Professor Rick Giardino (center) speaks to G-Camp participants during their three-week field trip of the Southwest U.S.
I grew up in an area of Colorado that, during the Cretaceous period, was covered by a sea. The resulting landscape was incredible, and I frequently collected rocks and fossils as a child—boxes and boxes of them that my mother faithfully used in her flowerbeds. It was more than a hobby or a fleeting fascination; it was the start of a lifelong study of our world.
Today, I am what you call a geomorphologist. I study the surficial features of Earth, such as rivers, landslides, and rock and ice glaciers. What I didn’t realize as a child is that geology is so much more than rocks and fossils. It is examining them and then asking
why, how, when? Now, I seek to understand climate change, the evolution of landscapes, and hazards like landslides, avalanches and floods. I’ve traveled to all 50 states and six continents in these pursuits, and you can bet I still want to go to Antarctica. (And Mars!)
I began spreading my love for geology to a much broader audience in 2008 through an outreach program I developed in the College of Geosciences called G-Camp. Each summer, the program takes approximately 35 fifth through 12th grade teachers on a three-week field trip through the Southwest to study geological features and develop grade school curricula.
We tour Texas, New Mexico and Colorado, visiting locations near sea level to those higher than 12,000 feet. Through astounding vistas and sights such as Enchanted Rock, White Sands, Carlsbad Caverns and the Garden of the Gods, we map Earth’s geological history. G-Camp puts teachers on the slopes of volcanoes, on the footwalls of faults, in the depths of glacial valleys, on the toes of landslides, and in pristine streams and ancient marine deposits.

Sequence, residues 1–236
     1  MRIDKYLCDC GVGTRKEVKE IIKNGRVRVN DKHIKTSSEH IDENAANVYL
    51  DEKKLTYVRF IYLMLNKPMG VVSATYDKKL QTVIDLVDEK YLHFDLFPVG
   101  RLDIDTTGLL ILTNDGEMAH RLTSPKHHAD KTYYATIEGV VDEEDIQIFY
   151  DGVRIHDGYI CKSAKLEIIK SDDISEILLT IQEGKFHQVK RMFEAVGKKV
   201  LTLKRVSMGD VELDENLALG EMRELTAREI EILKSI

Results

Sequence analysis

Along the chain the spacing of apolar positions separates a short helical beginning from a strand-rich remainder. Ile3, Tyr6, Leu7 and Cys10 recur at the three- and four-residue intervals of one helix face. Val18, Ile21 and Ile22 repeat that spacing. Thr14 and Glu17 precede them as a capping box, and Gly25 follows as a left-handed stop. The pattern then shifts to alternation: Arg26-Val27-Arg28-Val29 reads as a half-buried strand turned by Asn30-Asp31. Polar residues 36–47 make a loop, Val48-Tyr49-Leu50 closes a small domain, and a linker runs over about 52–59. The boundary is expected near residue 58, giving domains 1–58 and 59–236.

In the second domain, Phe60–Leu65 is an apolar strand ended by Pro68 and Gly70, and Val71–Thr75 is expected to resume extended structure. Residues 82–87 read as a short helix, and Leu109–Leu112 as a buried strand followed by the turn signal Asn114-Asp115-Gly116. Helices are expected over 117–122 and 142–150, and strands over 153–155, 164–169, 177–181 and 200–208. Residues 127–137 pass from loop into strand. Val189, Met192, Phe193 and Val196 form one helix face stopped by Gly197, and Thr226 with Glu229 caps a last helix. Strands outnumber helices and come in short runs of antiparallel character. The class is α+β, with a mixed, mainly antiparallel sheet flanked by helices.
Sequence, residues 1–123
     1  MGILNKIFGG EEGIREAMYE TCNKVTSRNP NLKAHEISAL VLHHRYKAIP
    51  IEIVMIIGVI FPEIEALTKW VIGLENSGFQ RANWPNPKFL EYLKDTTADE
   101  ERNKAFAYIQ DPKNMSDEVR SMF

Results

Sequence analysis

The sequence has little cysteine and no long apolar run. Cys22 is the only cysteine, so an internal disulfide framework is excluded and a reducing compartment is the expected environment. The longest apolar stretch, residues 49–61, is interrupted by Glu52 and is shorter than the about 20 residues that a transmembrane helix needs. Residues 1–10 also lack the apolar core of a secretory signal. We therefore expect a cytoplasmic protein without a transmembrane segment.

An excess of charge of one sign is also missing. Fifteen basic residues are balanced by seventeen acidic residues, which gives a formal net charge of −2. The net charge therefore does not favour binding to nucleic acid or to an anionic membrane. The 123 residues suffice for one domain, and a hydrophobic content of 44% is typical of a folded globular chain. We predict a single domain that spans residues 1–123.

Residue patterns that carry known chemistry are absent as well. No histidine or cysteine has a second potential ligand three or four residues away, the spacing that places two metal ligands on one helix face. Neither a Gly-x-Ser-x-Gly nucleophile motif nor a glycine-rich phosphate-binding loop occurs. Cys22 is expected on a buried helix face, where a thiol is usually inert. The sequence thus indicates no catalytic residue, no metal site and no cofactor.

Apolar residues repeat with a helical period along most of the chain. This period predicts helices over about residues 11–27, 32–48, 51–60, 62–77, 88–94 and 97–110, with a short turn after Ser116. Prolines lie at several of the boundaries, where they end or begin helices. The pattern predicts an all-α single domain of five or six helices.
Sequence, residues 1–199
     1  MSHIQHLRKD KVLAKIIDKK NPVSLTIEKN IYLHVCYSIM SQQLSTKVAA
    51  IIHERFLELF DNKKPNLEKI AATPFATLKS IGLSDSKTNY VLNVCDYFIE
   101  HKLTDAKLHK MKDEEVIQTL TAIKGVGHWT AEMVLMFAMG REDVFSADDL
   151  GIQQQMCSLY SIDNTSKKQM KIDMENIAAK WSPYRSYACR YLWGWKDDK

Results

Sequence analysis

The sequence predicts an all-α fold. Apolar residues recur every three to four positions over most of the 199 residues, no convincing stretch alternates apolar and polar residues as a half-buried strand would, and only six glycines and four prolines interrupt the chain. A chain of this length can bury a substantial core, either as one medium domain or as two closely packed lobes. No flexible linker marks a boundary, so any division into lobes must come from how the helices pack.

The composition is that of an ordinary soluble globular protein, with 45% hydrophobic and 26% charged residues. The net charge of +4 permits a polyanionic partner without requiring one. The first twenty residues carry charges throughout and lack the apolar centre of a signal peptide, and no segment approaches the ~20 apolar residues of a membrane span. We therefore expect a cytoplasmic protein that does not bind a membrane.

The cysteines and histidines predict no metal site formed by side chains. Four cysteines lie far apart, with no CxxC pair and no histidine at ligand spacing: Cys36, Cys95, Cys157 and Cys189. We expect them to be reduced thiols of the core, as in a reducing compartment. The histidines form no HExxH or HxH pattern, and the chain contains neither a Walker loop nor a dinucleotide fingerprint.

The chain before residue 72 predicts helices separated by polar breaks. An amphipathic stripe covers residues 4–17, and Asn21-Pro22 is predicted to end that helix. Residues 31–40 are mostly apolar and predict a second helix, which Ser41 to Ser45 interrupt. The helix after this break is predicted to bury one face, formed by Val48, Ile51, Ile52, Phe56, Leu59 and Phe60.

When all is said and done, they too grasp that geology is much more than rocks and fossils. It is the foundation of 21st-century society.
A few years ago, Texas added a fourth science to its core curriculum of biology, chemistry and physics: Earth and environmental science. The problem? Many teachers don’t have the necessary knowledge to adequately teach the subject, which results in incoming Aggie freshmen with little to no knowledge of geology. As a solution, we initiated G-Camp to better equip teachers who, in turn, pass their newfound knowledge to thousands of students each year.
Since the average geologist today is close to retirement—around 55 or 60 years old—workforce development is another serious concern. By ensuring that teachers are excited and knowledgeable about geology, we can do our part in attracting more young people to the field.
My motto for the camp is:
“Show them a lot, keep them busy and you’ll never have a complaint.” So far, our participants have proved me right. Teachers spend 12-hour days in an exhausting but exhilarating whirlwind of learning. They keep a daily field book of sketches, measurements and general observations, and develop lesson plans each night. Post-trip, they present their knowledge and experiences to other teachers within their districts and at state and national meetings.